The federal government has announced Engie’s plan to fill Hazelwood coal mine with almost double Melbourne’s annual water consumption will now be scrutinised under federal environment law.
This is fantastic news for the Latrobe Valley and the result of calls from Environmental Justice Australia, Friends of Latrobe Water and Environment Victoria for the government to ensure Engie’s plan was thoroughly scrutinised, including the impacts of using a huge volume of water and risk of groundwater and downstream contamination.
Engie’s proposal would take more than 20 years and use a whopping 638 billion litres of water. It would take another five billion litres each year just to offset evaporation.
The ‘water trigger’ under the Commonwealth Environment Protection and Biodiversity Conservation Act has previously been applied to new coal mine developments and extensions to existing mines. Today’s news confirms it also applies to mines being rehabilitated as ‘pit lakes’ and sets an important precedent as coal power stations close across the country in coming years.
It comes after independent expert reports revealed another problem with Engie’s plans, that flooding the mine pit without removing the highly toxic pollution stored inside the mine, would release this pollution into groundwater and local waterways, and make its way towards the Gippsland Lakes.
“Engie thought they could avoid the federal government scrutinising the true impacts of their plan on the Latrobe River system and groundwater sources, but the government has listened to the community, and in doing so set a vital precedent that rehabilitation of all Latrobe Valley mines will require federal scrutiny,” EJA lawyer Chloe Badcock said.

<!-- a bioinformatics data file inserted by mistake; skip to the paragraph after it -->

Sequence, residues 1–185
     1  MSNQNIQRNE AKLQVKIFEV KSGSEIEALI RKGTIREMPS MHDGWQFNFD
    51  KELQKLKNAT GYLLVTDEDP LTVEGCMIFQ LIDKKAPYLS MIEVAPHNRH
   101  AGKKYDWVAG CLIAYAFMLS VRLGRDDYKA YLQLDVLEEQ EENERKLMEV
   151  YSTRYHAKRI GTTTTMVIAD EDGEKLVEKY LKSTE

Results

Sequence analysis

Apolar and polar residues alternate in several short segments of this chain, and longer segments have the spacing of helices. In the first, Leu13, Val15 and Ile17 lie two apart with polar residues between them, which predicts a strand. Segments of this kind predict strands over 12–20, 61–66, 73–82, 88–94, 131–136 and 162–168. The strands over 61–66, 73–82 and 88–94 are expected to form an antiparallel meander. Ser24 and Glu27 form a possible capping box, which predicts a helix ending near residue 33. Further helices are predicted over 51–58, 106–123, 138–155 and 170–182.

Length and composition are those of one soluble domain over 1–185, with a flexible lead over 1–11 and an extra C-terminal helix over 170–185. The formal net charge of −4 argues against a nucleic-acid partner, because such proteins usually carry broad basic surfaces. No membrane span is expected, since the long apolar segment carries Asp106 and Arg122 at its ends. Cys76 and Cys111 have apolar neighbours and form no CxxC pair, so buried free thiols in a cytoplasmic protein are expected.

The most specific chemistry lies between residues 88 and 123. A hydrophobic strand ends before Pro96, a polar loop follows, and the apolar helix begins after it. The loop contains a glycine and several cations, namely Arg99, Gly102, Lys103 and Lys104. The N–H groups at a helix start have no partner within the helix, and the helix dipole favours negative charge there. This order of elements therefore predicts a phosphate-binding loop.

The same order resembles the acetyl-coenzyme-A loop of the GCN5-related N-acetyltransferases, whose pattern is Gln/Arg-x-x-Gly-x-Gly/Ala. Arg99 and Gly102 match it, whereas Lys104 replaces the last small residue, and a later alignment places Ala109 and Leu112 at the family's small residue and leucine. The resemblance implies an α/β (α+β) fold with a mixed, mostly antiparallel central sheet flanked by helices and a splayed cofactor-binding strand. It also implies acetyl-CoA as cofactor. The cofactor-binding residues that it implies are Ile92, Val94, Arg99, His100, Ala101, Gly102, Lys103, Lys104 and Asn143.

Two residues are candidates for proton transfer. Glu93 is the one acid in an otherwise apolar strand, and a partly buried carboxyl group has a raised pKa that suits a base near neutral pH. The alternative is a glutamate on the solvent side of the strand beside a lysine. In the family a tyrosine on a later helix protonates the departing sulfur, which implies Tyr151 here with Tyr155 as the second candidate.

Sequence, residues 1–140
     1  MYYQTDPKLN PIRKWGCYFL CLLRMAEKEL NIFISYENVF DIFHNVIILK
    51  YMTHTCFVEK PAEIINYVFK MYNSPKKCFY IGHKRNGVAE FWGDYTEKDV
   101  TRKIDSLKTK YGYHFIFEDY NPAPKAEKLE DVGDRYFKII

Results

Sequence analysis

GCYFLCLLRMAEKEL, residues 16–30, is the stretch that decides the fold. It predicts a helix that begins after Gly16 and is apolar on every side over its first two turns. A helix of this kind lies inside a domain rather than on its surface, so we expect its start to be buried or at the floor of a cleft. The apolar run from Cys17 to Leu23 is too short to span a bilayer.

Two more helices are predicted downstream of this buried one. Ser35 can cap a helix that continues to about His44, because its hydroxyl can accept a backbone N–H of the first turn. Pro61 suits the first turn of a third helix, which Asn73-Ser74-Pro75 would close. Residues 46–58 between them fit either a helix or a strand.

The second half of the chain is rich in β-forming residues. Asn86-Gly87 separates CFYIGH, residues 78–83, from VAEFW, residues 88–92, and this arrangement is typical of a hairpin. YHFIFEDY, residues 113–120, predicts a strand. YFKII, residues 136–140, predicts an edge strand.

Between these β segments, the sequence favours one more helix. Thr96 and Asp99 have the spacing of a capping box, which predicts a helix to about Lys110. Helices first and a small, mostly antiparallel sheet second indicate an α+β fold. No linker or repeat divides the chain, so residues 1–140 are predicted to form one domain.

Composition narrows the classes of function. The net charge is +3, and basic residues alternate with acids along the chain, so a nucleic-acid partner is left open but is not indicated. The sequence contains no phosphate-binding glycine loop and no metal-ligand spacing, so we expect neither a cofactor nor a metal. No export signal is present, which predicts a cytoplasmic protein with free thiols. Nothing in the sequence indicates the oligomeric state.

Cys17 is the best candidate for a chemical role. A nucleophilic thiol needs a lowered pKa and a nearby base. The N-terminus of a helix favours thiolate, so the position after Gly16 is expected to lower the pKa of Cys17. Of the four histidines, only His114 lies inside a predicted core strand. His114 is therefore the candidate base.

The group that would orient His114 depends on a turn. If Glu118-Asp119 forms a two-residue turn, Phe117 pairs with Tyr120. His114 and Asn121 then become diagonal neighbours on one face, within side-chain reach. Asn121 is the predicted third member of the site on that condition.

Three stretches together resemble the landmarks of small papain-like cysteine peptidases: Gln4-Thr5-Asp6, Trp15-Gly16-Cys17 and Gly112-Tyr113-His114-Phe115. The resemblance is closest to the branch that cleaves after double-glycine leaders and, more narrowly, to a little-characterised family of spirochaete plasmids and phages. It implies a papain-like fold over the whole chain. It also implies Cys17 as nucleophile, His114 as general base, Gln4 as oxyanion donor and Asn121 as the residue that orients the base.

“This decision makes clear the impacts of mining don’t end when the digging stops and the potentially devastating impacts of using huge amounts of water at every stage of coal mining must be investigated.”
“Taking so much water out of the river system cannot sustain important river flows and would have devastating impacts to river health and threatened animals like golden bell frogs and Australasian Bitterns that call rivers, and the internationally protected Gippsland Lakes, home. Now we know the government must ensure Engie properly investigates these devastating impacts.”
Engie must now investigate the impacts their proposal would have on the Ramsar listed Gippsland Lakes, threatened species and migratory species.
“Our community has been pushing for transparency and action on pollution from coal mining for decades. We’re cautiously optimistic that the federal government is requiring more scrutiny and will uncover the true damage Engie’s plans to flood the Hazelwood mine will cause if the plan goes ahead in its current state,” Friends of Latrobe Water spokesperson Hayley Sestokas said.
“This decision sets an important precedent for rehabilitating the other coal mines in the Latrobe Valley. It sends a clear message that coal companies cannot get away with cheap band aid solutions without scrutiny.”
Environment Victoria Policy and Advocacy Manager Bronya Lipski said: “Following the Hazelwood mine fire and litany of other damaging impacts resulting from coal mine failures in the Latrobe Valley, the Victorian public deserve nothing less than knowing proper scrutiny is now being applied to mine rehabilitation.”
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